A Crypto-Currency Primer
Part Two – Definitions (From Wikipedia except as noted)
A good understanding of a topic starts with a frame of reference. In this case that frame is a list of definitions for terms emanating from the marketplace of cryptocurrencies. Yes, this can be tedious, but it is necessary to begin to understand this new financial world. I have included the three definitions from Part One so that they are all in one document.
Note: Some of these terms will not be new to bankers. Others will have wildly different meanings from what you might expect. For a more complete understanding spend the time and do the research as these definitions are really limited overviews.
Currency – A currency (from Middle English: curraunt, “in circulation”, from Latin: currens, -entis) in the most specific use of the word refers to money in any form when in actual use or circulation as a medium of exchange, especially circulating banknotes and coins. A more general definition is that a currency is a system of money (monetary units) in common use, especially in a nation. Under this definition, US dollars, British pounds, Australian dollars, and European euros are examples of currency. These various currencies are recognized stores of value and are traded between nations in foreign exchange markets, which determine the relative values of the different currencies. Currencies in this sense are defined by governments, and each type has limited boundaries of acceptance.
Fiat Money – Fiat money is a currency established as money by government regulation or law. The term derives from the Latin fiat (“let it become”, “it will become”) used in the sense of an order or decree. It differs from commodity money and representative money. Commodity money is created from a good, often a precious metal such as gold or silver, which has uses other than as a medium of exchange (such a good is called a commodity), while representative money simply represents a claim on such a good.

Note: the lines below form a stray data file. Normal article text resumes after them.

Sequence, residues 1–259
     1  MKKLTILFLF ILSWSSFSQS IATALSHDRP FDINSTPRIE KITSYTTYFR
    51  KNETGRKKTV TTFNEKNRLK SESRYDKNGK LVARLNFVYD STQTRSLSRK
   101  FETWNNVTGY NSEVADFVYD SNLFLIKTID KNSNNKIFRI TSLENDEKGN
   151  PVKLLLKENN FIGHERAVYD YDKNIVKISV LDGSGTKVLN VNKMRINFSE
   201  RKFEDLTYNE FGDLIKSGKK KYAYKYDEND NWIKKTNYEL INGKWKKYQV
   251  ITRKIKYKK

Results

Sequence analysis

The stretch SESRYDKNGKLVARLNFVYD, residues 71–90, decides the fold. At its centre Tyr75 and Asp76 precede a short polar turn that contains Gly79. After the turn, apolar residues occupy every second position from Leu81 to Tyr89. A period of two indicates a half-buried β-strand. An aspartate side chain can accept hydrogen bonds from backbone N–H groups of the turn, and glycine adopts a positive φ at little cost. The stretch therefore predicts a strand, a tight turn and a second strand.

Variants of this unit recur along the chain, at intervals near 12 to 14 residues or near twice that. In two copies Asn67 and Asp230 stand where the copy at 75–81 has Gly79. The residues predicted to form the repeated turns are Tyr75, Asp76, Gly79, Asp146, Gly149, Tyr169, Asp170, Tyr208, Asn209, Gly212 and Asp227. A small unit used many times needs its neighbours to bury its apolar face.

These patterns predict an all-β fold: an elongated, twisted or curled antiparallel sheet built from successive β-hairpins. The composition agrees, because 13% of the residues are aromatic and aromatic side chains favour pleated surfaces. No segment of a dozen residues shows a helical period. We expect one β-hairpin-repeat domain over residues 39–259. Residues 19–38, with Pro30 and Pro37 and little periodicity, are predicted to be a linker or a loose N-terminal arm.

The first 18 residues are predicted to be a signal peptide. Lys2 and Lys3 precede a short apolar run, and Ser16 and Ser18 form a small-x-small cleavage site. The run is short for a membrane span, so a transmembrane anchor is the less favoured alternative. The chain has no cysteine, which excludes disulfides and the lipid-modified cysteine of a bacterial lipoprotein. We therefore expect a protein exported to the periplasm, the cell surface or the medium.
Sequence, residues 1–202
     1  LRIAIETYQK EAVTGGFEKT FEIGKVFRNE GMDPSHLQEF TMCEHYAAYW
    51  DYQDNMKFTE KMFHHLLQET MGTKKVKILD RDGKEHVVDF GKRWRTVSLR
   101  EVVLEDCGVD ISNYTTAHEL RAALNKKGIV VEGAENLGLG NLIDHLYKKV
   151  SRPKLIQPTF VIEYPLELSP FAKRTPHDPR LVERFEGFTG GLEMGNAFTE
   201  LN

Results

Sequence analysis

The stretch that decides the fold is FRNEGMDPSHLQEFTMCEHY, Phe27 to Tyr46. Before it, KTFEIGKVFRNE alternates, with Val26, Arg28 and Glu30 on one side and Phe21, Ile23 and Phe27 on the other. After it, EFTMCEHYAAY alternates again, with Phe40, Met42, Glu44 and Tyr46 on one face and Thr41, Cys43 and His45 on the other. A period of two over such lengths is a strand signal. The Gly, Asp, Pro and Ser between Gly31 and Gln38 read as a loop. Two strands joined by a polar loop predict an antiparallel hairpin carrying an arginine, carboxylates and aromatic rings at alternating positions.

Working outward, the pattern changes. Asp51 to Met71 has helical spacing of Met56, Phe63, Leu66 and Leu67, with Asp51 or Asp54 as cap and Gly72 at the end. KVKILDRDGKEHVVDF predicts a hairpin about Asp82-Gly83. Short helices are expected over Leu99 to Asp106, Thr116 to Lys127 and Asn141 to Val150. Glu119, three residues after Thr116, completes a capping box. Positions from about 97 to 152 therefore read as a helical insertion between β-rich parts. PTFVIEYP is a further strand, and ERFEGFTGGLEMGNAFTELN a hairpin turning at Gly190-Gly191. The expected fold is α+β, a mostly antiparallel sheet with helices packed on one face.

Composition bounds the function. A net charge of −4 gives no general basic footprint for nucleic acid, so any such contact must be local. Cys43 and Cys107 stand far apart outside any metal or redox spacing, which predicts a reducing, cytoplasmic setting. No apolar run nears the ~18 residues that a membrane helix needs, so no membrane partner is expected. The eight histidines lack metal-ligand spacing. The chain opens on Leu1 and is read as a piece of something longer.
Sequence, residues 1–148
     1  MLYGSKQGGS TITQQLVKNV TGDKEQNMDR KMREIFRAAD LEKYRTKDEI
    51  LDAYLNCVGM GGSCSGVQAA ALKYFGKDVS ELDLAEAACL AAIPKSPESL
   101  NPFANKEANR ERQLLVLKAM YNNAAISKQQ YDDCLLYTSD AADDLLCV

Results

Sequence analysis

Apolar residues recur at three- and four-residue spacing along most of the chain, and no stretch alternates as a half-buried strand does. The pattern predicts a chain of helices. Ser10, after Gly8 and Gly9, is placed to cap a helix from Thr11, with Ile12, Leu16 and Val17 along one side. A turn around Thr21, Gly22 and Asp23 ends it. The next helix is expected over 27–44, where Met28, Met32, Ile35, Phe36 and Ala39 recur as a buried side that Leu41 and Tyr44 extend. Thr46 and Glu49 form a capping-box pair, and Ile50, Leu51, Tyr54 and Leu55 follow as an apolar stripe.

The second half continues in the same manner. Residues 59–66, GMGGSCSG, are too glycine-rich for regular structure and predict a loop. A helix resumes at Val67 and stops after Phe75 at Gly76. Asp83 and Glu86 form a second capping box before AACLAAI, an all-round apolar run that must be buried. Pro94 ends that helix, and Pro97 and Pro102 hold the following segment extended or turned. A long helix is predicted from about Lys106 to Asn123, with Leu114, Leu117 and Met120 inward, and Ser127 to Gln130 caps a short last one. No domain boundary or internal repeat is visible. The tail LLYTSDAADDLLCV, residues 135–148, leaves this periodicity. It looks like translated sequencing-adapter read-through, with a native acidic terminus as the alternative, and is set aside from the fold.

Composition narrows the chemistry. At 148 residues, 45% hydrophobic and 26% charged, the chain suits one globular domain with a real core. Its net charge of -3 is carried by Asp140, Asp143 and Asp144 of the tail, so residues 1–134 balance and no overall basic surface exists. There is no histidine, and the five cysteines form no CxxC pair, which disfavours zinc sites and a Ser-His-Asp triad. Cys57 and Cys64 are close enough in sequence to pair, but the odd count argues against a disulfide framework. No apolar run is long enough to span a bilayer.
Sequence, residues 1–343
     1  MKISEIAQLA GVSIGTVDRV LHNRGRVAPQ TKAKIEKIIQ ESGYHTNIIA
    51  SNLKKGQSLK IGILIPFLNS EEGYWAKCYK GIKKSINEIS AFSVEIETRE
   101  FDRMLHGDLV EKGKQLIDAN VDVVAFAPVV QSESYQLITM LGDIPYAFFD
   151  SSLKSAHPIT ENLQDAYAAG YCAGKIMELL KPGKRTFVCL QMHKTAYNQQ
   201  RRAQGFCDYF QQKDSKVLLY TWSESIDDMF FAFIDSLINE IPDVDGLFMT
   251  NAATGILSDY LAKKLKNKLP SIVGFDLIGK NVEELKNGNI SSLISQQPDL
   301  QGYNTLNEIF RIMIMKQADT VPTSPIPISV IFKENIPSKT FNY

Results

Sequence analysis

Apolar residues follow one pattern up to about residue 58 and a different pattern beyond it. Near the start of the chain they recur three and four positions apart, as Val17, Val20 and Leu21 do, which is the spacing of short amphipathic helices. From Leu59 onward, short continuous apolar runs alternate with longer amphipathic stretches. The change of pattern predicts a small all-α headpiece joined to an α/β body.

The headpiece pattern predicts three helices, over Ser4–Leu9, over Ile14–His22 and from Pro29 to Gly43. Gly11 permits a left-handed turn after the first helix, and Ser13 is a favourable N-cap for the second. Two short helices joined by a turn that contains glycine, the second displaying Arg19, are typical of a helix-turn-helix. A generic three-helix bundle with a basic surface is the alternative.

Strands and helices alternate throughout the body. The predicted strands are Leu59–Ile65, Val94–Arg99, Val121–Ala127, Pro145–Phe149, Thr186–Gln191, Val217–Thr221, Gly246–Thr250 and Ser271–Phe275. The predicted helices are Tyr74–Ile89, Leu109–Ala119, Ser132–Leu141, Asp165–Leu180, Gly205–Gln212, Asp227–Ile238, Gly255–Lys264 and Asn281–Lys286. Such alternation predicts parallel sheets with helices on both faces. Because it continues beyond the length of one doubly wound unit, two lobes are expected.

Cryptocurrency – A cryptocurrency (or crypto currency) is a digital asset designed to work as a medium of exchange using cryptography to secure the transactions and to control the creation of additional units of the currency. Cryptocurrencies are a subset of alternative currencies, or specifically of digital currencies.
Bitcoin became the first decentralized cryptocurrency in 2009. Since then, numerous cryptocurrencies have been created. These are frequently called altcoins, as a blend of bitcoin alternative. Bitcoin and its derivatives use decentralized control as opposed to centralized electronic money/centralized banking systems. The decentralized control is related to the use of bitcoin’s blockchain transaction database in the role of a distributed ledger.
Distributed Ledger System – A distributed ledger (also called shared ledger) is a consensus of replicated, shared, and synchronized digital data geographically spread across multiple sites, countries, or institutions. There is no central administrator or centralised data storage.
A peer-to-peer network is required as well as consensus algorithms to ensure replication across nodes is undertaken. One distributed ledger design is through implementation of a public or private blockchain system. But all distributed ledgers do not have to necessarily employ a chain of blocks to successfully provide secure and valid achievement of distributed consensus, a Blockchain is only one type of data structure considered to be a distributed ledger.
Blockchain – A blockchain – originally block chain – is a distributed database that is used to maintain a continuously growing list of records, called blocks. Each block contains a timestamp and a link to a previous block. A blockchain is typically managed by a peer-to-peer network collectively adhering to a protocol for validating new blocks. By design, blockchains are inherently resistant to modification of the data. Once recorded, the data in any given block cannot be altered retroactively without the alteration of all subsequent blocks and the collusion of the network. Functionally, a blockchain can serve as “an open, distributed ledger that can record transactions between two parties efficiently and in a verifiable and permanent way. The ledger itself can also be programmed to trigger transactions automatically.”
Blockchains are secure by design and are an example of a distributed computing system with high byzantine fault tolerance. Decentralized consensus can therefore be achieved with a blockchain. This makes blockchains potentially suitable for the recording of events, medical records, and other records management activities, identity management, transaction processing, and documenting provenance.